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Title: Moving on up : using Q-methodology to explore what is important to young people with Special Educational Needs and Disability in their transition to post-16 education
Author: Longden, Michelle
ISNI:       0000 0004 7970 2661
Awarding Body: University of Sheffield
Current Institution: University of Sheffield
Date of Award: 2019
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Previous research has suggested a number of factors are important to young people with Special Educational Needs and Disability (SEND) in their transition to post-16 education. However, such research has been limited by focusing on participants with specific types of SEND, using methodologies that limited the exploration of the detail and richness of the young person's experiences, or being conducted at a time which pre-dates legislative changes to the SEND Code of Practice and compulsory post-16 education. Of the research that has been conducted since the change in socio-political context, this has focused on the transition experiences of young people with Education Health Care Plans (EHCPs) and so the experiences of young people with SEND, more broadly, and especially those young people transitioning from a mainstream school to college, have not been explored. Consequently, the aim of the research was to explore what young people identified as having a range of SEND have found to be important in their transition from a mainstream school setting to a mainstream post-16 educational setting, within this new socio-political context, with a view to this helping inform the support received. As a result of the desire to access the voices of young people as to what has been important to them in their transition and look at the commonalities and differences between their viewpoints, Q-methodology was chosen as the most appropriate methodology to achieve this. 31 participants from two mainstream post-16 colleges (one in the East Midlands and one in Yorkshire) took part in the study; sorting 50 statements into a forced choice distribution grid. By-person factor analysis was used to analyse the completed Q-sorts to identify shared viewpoints. This resulted in a five factor solution. The research findings are discussed in relation to emergent themes, the existing literature and the nature of the participant group, followed by consideration of the implications for schools, colleges and Educational Psychologists (EPs). Reflections on the limitations of the study and areas of possible future research are presented.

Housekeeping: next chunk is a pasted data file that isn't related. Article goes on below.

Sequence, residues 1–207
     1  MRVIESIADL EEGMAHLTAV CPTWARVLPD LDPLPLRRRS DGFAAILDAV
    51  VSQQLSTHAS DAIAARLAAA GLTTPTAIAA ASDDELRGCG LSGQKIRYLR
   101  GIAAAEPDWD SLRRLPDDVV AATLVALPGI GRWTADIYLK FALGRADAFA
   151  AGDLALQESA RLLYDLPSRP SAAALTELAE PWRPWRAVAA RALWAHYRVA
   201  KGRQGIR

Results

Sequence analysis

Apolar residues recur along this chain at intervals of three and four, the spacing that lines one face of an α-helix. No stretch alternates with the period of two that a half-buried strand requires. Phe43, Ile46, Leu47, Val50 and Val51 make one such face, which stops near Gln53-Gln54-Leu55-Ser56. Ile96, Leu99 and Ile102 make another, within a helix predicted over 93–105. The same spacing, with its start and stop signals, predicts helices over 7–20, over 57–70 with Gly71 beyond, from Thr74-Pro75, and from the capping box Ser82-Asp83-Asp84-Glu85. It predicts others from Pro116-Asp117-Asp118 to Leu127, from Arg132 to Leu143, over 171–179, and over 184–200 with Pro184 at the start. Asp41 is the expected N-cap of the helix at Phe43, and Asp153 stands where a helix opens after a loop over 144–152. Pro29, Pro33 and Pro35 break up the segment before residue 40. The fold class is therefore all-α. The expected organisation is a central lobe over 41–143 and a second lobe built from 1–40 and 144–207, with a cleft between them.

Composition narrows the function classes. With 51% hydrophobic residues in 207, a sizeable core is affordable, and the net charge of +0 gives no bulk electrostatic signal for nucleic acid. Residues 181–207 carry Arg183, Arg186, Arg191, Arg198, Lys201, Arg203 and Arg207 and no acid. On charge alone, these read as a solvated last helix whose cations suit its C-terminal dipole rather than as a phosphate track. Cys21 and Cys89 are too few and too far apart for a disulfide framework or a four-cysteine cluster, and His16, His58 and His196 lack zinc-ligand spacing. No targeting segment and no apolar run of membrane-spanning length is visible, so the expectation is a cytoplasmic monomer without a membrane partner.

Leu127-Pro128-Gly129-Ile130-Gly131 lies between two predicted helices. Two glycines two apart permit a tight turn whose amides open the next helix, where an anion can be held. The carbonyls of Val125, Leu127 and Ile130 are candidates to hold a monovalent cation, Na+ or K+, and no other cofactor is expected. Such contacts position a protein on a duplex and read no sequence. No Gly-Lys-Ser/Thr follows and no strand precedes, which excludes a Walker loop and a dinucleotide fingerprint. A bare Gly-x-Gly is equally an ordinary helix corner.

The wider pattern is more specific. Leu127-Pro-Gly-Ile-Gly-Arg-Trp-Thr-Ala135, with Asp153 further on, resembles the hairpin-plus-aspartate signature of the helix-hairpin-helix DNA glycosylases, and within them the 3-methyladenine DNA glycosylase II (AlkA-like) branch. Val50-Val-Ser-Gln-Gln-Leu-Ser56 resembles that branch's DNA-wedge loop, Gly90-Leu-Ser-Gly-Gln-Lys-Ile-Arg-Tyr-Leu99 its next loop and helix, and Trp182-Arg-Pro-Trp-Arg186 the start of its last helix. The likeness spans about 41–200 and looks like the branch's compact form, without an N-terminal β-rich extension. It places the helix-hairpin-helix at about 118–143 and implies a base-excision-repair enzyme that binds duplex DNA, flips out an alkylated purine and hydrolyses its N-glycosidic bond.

Supervisor: Campbell, Lorraine Sponsor: Not available
Qualification Name: Thesis (D.Ed.C.Psy.) Qualification Level: Doctoral
EThOS ID:  DOI: Not available